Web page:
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I Am A Strange Loop

by Douglas Hofstadter

Basic Books, Copyright 2007

436 pages, softcover

Review by Jim Walker

Best known for his Pulitzer Prize winning book, Gödel, Escher, Bach, published in 1979, Douglas Hofstadter continues his examination of self-referential systems in his latest book. Hofstadter felt a need to write a new book because so many people misperceived GEB as a hodgepodge of neat things with no central theme. I Am A Strange Loop attempts to correct this problem by better illustrating how inanimate matter can lead to animate beings with awareness and consciousness.

By using the analogy of Gödel's Incompleteness Theorem, a mathematical system that looks at itself, Hofstadter shows how indirect mappings in the human mind can loop back on itself and produce an entirely new concept called "self". The "I" of selfhood, according to Hofstadter represents an emerging property of brainpowwer that, similar to Gödel's Incompleteness Theorem, loops back on itself and produces consciousness.

I like Hofstadter's image of a video camera looking at itself to produce a swirling video pattern where images at the periphery of the images become part of the swirling pattern, thus part of the loop (the cover illustration gives an example of this). Human consciousness, too, transforms itself to whatever input it receives. Selfhood does not exist in a vacuum as a solitary thing separate from other selves. Instead, each of us incorporates a part of other selves, each contributing a part of the periphery of input, similar to a video camera looking at itself in a mirror. Thus we humans become part of our inputs, which includes other selves. Rather than thinking of selfhood as a different kind of self from other selves, we differ only by degree (albeit, a large degree).

Much of Hofstadter's thinking coincides almost exactly with the philosopher, Daniel C. Dennett's view of consciousness. (Indeed, Hofstadter and Dennett have collaborated on several books together, and both remain friends.) Basically their view of consciousness consists of high level symbolic structures carried out by brain processing. Not only self awareness, but feelings and sensations come as an emerging property out of symbol manipulation. Thus, in principle, we may one day design a computer that has consciousness with all the feelings and emotions of a human.

According to Hofstadter, consciousness (including selfhood, meanings, and feelings) depends on categorization of symbols; in other words -- patterns. And since pattern manipulation requires thinking, thinking equals consciousness! As Holfstadter says, "The basic idea is that the dance of symbols in a brain is itself perceived by symbols, and that step extends the dance, and so round and round it goes. That, in a nutshell, is what consciousness is."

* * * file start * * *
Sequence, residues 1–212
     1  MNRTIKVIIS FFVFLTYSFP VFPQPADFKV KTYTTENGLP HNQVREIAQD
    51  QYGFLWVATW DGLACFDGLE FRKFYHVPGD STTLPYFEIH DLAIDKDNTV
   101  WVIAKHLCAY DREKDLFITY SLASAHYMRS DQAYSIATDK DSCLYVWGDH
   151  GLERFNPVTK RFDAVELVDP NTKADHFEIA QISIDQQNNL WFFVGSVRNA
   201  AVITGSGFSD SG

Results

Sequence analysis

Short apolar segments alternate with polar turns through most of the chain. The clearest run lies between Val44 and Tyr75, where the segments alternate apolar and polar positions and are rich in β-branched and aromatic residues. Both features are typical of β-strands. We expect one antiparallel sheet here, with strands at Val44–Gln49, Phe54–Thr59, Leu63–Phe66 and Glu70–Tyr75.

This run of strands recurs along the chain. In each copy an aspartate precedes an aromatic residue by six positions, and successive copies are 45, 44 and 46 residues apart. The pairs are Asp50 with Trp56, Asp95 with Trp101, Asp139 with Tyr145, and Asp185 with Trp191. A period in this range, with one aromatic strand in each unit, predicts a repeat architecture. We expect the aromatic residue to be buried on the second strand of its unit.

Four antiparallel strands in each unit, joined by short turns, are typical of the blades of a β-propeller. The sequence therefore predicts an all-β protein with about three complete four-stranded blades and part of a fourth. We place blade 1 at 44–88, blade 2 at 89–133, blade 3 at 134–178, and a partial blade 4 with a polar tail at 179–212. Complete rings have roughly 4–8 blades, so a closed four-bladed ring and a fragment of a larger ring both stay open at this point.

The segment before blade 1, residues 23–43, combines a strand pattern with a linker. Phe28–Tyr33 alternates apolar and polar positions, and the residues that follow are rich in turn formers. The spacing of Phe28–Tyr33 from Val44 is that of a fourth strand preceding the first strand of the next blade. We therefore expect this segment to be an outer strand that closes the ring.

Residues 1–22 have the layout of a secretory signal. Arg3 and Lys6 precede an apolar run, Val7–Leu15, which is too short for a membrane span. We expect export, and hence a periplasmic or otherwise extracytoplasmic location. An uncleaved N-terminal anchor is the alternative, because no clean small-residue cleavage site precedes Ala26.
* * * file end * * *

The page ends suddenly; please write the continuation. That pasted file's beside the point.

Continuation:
Although I agree with most of Hofstadter's hypothesis, I do not agree (or perhaps do not understand) that the feeling part of consciousness requires referential symbol manipulation. According to Hofstadter and Dennett, qualia (feelings, sensations, etc.) come about as an emerging property through neurological mappings at the symbolic level of the brain. In Chapter 20, Hofstadter gives an example of staring at a big broad sheet of pure, uniform color, lets say, purple, or a color of your favorite shade, entirely filling your visual field, and asks if you would experience the same rush as when you see that color in the petals of a flower blooming in a garden. Hofstadter doubts it because you would not experience all "the subtle shades, the delicate way each petal is curved, the way the petals all swirl together around a glowing center made of dozens of tiny dots..." Granted, one would not, but color (in my mind anyway) does not represent exactly a pleasurable feeling in itself, but rather a tag or a signal that identifies a particular light frequency pattern, no doubt, evolutionary important as it allows animals to spot colored fruit on a bush that could help it survive (or something similar to this).

In other words, Hofstadter thinks the higher level symbolic representations produce the pleasurable experience. Exactly how this comes about, Hofstadter doesn't explain. "But why?" I ask, should experience of subtle shades and shapes coupled with color produce pleasure by itself?

Instead of using color as an example, I would use pure cocaine injected into the vein of a person. In an instant, the person would feel a rush of pleasure regardless of what symbols he happens to think (or not think) about at that time. How would Hofstadter explain that?!